San José, Costa Rica, since 1956

Parmenio Medina Murder Trial Begins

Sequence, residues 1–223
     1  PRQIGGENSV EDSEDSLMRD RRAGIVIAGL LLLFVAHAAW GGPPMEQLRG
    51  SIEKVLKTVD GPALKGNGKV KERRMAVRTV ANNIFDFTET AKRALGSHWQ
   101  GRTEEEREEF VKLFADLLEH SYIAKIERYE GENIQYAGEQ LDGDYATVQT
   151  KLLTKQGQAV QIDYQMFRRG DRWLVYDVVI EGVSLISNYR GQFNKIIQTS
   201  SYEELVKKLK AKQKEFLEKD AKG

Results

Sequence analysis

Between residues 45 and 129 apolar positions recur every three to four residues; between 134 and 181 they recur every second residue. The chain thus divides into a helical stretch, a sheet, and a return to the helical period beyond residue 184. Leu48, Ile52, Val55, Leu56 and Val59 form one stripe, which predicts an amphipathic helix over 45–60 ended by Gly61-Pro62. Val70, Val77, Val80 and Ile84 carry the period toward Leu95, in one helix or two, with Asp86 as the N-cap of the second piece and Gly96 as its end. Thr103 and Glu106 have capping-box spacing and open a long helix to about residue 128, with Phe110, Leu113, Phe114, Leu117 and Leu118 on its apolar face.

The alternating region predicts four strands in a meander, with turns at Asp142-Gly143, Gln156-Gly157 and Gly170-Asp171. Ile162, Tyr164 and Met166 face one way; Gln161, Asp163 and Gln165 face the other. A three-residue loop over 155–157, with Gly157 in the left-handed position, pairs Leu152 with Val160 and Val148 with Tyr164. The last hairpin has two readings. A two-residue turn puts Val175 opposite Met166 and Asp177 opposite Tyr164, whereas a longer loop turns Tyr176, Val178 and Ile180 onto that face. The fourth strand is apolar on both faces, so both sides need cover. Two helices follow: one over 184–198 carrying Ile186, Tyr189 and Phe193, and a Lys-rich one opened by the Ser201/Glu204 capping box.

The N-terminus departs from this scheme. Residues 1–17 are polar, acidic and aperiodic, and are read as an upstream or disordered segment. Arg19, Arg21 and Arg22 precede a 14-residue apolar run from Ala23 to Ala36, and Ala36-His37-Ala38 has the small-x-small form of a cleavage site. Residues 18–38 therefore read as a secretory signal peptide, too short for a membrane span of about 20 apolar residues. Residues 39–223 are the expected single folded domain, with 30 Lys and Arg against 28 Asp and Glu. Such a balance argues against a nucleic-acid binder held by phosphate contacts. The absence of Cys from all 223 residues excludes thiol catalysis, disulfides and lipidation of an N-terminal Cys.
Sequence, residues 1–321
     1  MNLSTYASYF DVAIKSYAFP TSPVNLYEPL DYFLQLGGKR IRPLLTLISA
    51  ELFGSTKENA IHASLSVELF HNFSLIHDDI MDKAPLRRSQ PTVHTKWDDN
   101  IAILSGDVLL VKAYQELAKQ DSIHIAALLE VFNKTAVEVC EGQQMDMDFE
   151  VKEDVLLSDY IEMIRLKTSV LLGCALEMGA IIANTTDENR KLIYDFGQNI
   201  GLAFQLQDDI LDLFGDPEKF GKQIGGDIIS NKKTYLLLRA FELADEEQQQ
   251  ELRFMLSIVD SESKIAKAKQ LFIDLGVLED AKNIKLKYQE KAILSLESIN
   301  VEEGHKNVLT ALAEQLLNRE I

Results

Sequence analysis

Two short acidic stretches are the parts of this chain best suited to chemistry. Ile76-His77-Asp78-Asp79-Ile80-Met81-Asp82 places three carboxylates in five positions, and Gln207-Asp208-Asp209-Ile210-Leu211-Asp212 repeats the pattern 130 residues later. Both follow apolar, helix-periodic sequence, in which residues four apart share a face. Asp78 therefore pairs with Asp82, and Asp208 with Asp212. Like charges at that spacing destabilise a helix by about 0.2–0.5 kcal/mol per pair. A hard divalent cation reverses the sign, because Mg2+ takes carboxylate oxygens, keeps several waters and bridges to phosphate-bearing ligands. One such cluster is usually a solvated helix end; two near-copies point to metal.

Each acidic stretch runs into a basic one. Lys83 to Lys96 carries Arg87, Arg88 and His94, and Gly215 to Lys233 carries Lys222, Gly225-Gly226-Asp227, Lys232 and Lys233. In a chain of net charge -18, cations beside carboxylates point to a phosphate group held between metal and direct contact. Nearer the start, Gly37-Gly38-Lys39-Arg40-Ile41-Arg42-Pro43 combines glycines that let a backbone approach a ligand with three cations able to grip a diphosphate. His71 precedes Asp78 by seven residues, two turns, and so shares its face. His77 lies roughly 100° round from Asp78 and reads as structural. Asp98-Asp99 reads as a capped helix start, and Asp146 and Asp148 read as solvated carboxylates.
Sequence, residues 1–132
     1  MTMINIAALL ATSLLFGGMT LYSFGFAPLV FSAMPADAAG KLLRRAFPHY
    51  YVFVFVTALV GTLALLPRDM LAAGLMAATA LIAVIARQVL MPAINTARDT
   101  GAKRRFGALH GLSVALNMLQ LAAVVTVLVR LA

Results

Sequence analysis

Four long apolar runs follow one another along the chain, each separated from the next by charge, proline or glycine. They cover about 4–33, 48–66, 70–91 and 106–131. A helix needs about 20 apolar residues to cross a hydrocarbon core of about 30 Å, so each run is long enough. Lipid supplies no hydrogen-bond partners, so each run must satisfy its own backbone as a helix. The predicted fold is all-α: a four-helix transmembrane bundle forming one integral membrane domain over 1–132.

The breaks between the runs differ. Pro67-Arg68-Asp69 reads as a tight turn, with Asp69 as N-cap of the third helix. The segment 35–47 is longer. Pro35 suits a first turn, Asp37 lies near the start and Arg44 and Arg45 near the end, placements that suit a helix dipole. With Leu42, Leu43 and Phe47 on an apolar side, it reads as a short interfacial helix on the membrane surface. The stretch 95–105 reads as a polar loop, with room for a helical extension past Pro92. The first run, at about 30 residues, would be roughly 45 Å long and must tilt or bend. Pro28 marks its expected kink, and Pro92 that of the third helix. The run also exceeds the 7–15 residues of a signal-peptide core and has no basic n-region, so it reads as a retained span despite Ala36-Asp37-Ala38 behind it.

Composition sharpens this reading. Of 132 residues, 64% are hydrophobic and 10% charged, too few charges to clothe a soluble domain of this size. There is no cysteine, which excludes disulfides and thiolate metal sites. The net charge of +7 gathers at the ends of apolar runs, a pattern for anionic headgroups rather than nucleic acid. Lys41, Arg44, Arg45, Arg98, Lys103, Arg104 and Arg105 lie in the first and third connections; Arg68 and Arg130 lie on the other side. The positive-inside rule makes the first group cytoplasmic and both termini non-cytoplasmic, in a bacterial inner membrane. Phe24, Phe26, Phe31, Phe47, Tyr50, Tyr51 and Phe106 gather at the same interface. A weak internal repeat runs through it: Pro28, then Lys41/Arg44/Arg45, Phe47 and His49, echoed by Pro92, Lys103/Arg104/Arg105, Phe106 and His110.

THE trial of nine people alleged to have played a role in the 2001 murder of journalist Parmenio Medina began Tuesday with the interrogation of John Gilberto Gutiérrez, whom prosecutors finger as one of the middlemen who hired the killers.The Prosecutor’s Office called 145 witnesses and entered 803 pieces of evidence, nine volumes of files and 91 tapes of bugged phone calls, all of which will come into play throughout the course of the trial, the length of which is impossible to estimate, wire service ACAN-EFE reported.The road to the trial has been tedious – judges decided to take the nine to trial in June, more than six months after they were formally accused on Dec. 7, 2004, and nearly four years after Medina was gunned down outside his home on July 7, 2001 (TT, Dec. 10, 2004).All nine will face trial for homicide, while Catholic priest Minor Calvo, who, together with businessman Omar Chaves, is considered the impetus and brains behind the murder, will be tried for coercion as well.The alleged triggerman, Luis Alberto Aguirre, and a journalist for the daily Diario Extra, Adrián Marrero, who allegedly gave Aguirre a cell phone when he was in prison, will also be tried for coercion. Marrero is not accused of Medina’s murder, but is on trial because Aguirre called a witness with his phone and told the witness he knows where the witness’s house is (the witness’s name and gender have not been released).Aguirre, a Nicaraguan known as “El Indio,” told The Tico Times from his cell last year that he confessed to the murder, and claimed Chaves and Calvo are innocent (TT, April 16, 2004).Colombians John Gutiérrez, Jorge Castillo, Danny Smith and Juan Hernández will be tried for murder, as will Costa Ricans Juan Gabriel Carvajal and Randall González.Medina, a Colombian-born Costa Rican radio journalist, was shot pointblank three times in the head and torso outside his home. He had produced a series of investigative reports denouncing financial irregularities in the then-widely popular and now-defunct Catholic radio station Radio María, which was founded and managed by Calvo and bankrolled by Chaves (TT, Jan. 9, 2004).

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